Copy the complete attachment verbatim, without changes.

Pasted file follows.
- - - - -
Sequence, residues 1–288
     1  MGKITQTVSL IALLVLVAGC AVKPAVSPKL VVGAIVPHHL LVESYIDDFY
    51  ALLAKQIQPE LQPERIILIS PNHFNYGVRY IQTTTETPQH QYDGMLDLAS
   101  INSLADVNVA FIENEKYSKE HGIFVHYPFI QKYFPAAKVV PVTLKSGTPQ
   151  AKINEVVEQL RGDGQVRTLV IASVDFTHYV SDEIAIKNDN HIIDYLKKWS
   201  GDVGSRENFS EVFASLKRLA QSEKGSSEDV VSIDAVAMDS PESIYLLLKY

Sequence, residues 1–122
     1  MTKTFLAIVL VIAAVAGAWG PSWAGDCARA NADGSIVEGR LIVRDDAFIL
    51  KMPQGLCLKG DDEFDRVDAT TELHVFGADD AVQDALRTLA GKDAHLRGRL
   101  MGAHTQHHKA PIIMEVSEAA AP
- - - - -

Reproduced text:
Sequence, residues 1–288
     1  MGKITQTVSL IALLVLVAGC AVKPAVSPKL VVGAIVPHHL LVESYIDDFY
    51  ALLAKQIQPE LQPERIILIS PNHFNYGVRY IQTTTETPQH QYDGMLDLAS
   101  INSLADVNVA FIENEKYSKE HGIFVHYPFI QKYFPAAKVV PVTLKSGTPQ
   151  AKINEVVEQL RGDGQVRTLV IASVDFTHYV SDEIAIKNDN HIIDYLKKWS
   201  GDVGSRENFS EVFASLKRLA QSEKGSSEDV VSIDAVAMDS PESIYLLLKY

Sequence, residues 1–122
     1  MTKTFLAIVL VIAAVAGAWG PSWAGDCARA NADGSIVEGR LIVRDDAFIL
    51  KMPQGLCLKG DDEFDRVDAT TELHVFGADD AVQDALRTLA GKDAHLRGRL
   101  MGAHTQHHKA PIIMEVSEAA AP